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3. Risk assessment

Lacasse [10] highlighted that risk assessment and reliability analysis are important tools for informed decision-making. According to Faber [8], risk assessment is seen as a comparison between estimated risk and accepted risk which initially was stated in risk acceptance criteria. Lacasse and Nadim [7] and Lacasse [10] warned that one of the most difficult tasks in risk assessment and risk management is the selection of risk acceptance criteria. Societies which experience very frequently geohazards may have a different risk acceptance level comparative with those societies which experience them rarely. In case that risk is not acceptable within the specified risk acceptance criteria, there are various ways for risk treatment: risk mitigation, risk reduction, risk transfer and risk acceptance [8].

Risk analysis and risk evaluation are basically seen as component parts of risk assessment. Risk analysis comprises hazard and risk identification, risk estimation and risk calculation. For robustness, increased accuracy and value of risk assessments it is required among others, to address the interconnection between physical and human systems, to consider both spatial and temporal scales, to address, analyze and communicate the uncertainties. Various formal and informal tools are utilized within the risk assessment [7, 10, 17]. Multi-risk assessments which studied the interaction and amplification of risk, cascading hazards, dynamic vulnerabilities to multi-risk have stirred a great interest, but still is a field yet to be developed and requires intensive collaboration and expertise from various disciplines [5, 7, 10].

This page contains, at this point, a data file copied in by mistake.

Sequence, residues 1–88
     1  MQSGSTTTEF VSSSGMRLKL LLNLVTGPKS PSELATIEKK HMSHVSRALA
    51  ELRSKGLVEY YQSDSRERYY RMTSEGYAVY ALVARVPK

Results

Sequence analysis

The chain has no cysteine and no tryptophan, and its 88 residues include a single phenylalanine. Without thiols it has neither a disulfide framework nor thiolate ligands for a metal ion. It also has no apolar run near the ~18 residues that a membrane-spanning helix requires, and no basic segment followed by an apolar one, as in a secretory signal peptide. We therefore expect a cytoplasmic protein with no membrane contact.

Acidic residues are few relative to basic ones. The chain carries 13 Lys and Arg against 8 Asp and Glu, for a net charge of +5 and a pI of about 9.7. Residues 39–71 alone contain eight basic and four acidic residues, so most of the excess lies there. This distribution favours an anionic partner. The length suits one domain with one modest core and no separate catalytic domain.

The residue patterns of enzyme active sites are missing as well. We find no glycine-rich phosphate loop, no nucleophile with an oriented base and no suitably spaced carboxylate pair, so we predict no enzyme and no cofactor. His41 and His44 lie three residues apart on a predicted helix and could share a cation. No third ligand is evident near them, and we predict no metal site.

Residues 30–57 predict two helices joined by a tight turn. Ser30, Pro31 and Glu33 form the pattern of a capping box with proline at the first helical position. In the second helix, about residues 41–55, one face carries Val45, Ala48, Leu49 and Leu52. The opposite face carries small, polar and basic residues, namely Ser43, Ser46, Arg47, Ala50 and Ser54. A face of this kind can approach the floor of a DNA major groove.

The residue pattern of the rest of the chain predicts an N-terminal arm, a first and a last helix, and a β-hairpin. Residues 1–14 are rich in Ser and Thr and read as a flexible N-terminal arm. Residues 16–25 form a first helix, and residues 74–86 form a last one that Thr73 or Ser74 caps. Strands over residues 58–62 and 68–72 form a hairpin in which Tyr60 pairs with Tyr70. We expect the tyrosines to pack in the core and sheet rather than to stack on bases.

With reference to the assessment of disaster risk in various countries around the world, there is the danger of oversimplifying and misunderstanding problems, priorities and concerns of people at risk. Moreover, there is a permanent struggle between the quantitative or the so-called technical risk approaches and the socio-cultural risk [18]. A cooperation among these approaches would be beneficial to disaster risk assessments.

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4. Risk management

Risk management integrates recognition and assessment of risk with development and implementation of adequate strategies of risk mitigation and risk reduction. Risk management represents a systematic application of policies, procedures and practices to the tasks of communication, consultation, establishing the context, identification, analysis, evaluation, monitoring and implementation of risk mitigation measures. Due to epistemic and aleatory uncertainty, risk management is decision-making under the condition of uncertainty. Likewise risk assessment, risk management requires also a multi-disciplinary approach [5, 7, 10].

Disaster risk management (DRM) confronted around the world various difficulties linked to political will, governance, available budget, implementation of legislation. Moreover, Okada [19] advised that DRM needs to have pre-disaster orientation instead of being focus on post-disaster phase, to take in consideration multiple hazards, to be closely linked to urban planning and management and to be inclusive and not limited only to governmental organizations and institutions, but to engage citizens, Non-Governmental Organizations (NGO)s, private companies, local communities, individuals. DRM needs to start from the local level or community level. Furthermore, for the present century, the integrated disaster risk management (IDRIM) is a necessary and required perspective in dealing with disaster risk.